Progression: The New Arcade
While the stellar gameplay is the meat of the experience of Double Dragon Gaiden, the bread that it is served on is the fantastic, surprisingly multi-layered progression system. While the gameplay makes the game worth playing, the progression makes it worth replaying, while capturing a central feel of Double Dragon’s arcade roots.
Double Dragon Gaiden: Rise of the Dragons has referred to by some, including it’s own marketing team, as a roguelite. But that’s underselling it, because the core reason to replay the game aren’t it’s relatively sparse roguelite elements (so sparse that I’m not sure the term even applies). Rather, the reason you’d replay Double Dragon Gaiden (and you will, over and over and over) is because of its arcade sensibilities. Many games have tried to replicate the feeling of an arcade cabinet on a home computer or console. I’m not sure any have done it as well as Double Dragon Gaiden. And that is because of 3 bits of genius that the developers of Double Dragon Gaiden: Rise of the Dragons made use of.
The first bit of genius is in the level select screen. When you start a new game, you can select from any of the four main levels of the game, each run by a different gang with a different level boss to fight at the end. This might seem like any ol’ level select screen, until you defeat the first level boss (which will always be at the end of a single-stage level). When you return to the level select screen, you’ll get a message showing that each other gang has improved. Now, when you go to the next level, it will have two stages, including an extra boss and a more difficult level boss. Repeat a third time, and you end up with a surprising amount of depth for a game with four main levels.
What this entails is that you, the player, can decide what order to tackle challenges in. If you struggle with a boss (oh, and believe me, there is one you will struggle with, she’s wicked), then you might want to prioritize them first on the next playthrough, taking them on at their weakest form after a single stage. Or, if there is a tricky bit in the third stage of a level, then next time you can play it first or second, skipping that stage entirely. It’s all in your hands, and that amount of choice really makes the level select screen worth it. It’s great. It reminds me a bit of Deathloop. Only it works better here.
The second bit of genius in Double Dragon Gaiden comes in the form of money. As you beat up thugs and break furnishings, you’ll acquire quite a lot of it, after all. And money is very interesting in Double Dragon Gaiden, because it is tied directly to your progress within — and, ultimately, the overall success of — each run. That is because, in addition to paying for revives and upgrades, money is also cashed in for the game’s most valuable currency whenever you complete your run (for better or worse). This means that you want a fat wallet when you complete a run… But that you also might have to spend some of that money in order to revive or upgrade your characters so that you can can complete a run (and therefor get more tokens). It’s a fine balancing game, and it forces players to think about what is and isn’t worth it.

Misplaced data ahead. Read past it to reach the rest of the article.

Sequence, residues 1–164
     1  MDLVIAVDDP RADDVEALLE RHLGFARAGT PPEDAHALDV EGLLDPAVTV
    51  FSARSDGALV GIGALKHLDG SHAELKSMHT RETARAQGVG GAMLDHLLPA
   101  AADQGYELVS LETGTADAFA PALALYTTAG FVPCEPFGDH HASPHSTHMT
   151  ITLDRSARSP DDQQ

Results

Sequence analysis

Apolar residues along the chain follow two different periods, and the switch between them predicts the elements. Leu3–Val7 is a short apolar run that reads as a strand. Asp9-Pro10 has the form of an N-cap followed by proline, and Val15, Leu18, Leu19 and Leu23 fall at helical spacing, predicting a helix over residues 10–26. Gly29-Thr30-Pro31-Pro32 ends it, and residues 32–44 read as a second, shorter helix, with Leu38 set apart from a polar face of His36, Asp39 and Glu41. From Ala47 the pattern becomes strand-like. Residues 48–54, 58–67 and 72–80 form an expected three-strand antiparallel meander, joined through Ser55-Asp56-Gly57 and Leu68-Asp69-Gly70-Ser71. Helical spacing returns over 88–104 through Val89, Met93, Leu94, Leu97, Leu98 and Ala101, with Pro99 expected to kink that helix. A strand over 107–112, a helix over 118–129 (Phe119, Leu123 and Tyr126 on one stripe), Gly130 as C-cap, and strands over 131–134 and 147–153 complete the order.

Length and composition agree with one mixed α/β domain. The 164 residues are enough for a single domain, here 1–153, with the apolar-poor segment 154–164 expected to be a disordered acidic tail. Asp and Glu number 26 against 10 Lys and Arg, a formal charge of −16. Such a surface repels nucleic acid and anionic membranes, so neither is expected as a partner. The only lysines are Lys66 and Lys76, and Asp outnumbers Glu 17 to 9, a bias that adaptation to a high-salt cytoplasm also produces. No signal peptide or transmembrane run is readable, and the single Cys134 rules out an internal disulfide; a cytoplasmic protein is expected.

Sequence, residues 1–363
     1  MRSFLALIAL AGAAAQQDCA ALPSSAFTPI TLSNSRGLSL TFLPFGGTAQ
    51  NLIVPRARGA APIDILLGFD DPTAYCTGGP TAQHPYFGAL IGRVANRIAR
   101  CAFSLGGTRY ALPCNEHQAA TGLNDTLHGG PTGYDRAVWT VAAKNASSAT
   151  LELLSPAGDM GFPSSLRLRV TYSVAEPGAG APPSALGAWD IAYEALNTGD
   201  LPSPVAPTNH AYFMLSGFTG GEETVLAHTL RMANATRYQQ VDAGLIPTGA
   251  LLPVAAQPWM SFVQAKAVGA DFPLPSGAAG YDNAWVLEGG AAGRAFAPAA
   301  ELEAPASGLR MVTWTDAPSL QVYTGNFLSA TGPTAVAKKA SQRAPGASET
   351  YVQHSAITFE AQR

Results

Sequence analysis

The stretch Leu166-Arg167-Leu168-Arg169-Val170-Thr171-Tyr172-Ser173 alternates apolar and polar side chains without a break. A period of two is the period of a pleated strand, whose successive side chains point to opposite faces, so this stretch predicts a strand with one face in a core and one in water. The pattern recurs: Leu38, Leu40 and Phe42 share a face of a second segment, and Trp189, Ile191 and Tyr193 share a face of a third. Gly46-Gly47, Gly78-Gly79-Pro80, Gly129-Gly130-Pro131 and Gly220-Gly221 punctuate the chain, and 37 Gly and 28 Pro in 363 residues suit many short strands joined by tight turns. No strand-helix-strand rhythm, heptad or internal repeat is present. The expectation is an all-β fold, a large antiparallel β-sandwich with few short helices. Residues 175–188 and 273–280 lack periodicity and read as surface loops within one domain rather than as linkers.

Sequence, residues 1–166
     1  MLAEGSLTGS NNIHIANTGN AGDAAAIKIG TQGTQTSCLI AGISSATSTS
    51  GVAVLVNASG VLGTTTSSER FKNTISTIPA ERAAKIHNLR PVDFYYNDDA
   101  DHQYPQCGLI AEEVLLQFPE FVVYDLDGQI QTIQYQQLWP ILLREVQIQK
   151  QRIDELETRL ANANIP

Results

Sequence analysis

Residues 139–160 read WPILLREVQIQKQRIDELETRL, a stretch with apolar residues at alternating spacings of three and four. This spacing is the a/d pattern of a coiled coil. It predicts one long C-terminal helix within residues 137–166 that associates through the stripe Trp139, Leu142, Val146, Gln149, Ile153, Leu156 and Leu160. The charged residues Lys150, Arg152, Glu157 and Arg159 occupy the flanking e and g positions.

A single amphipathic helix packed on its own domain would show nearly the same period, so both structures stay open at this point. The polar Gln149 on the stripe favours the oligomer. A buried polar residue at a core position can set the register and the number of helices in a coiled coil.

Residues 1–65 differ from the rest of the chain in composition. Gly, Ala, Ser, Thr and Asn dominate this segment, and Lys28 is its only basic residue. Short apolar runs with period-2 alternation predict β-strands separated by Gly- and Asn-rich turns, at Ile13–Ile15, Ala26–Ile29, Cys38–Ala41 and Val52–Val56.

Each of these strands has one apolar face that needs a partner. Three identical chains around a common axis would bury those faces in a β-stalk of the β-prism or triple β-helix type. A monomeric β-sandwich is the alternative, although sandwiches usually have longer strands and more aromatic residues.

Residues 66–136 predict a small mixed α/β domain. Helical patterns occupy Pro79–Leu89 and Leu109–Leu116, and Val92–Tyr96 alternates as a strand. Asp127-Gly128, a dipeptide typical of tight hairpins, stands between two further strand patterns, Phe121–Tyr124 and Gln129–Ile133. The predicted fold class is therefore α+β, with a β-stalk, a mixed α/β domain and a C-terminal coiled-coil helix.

And then, we come to the last, best, and most genius bit of progression in Double Dragon Gaiden: Tokens. These rarities are earned in only 2 ways: by purchasing them during runs, or by finishing a run (by dying or beating the game) and cashing out, with more money directly translating to more tokens. Now, here’s the catch: money isn’t just used to purchase new characters and cosmetics, it is also used (when playing on the best difficulty of the game) to restart a stage after a complete failure. In the “Cost 3 Tokens” mode, whenever you completely die and can no longer revive, you’ll be taken to a “Continue” screen, where you’ll be asked if you want to pay 3 tokens — the valuable, character-unlocking currency — to continue your run. You’ll be reset at the beginning of the stage with full health and all the money you had when you started it.
And it is here where Double Dragon Gaiden lives up to its arcade legacy. Because even when I know I should cash out, and accept the Tokens I’ve earned so far… I just want to play one more time, because maybe that’ll be the time I beat the boss. Inevitably, my Token stash whittles away to nothing. And I’m left smiling because — dammit — the ol’ arcade trick still works on me. Like quarters at an old school arcade, they’ve vanished, and left me hungry for another shot to recoup my losses. Time to start again.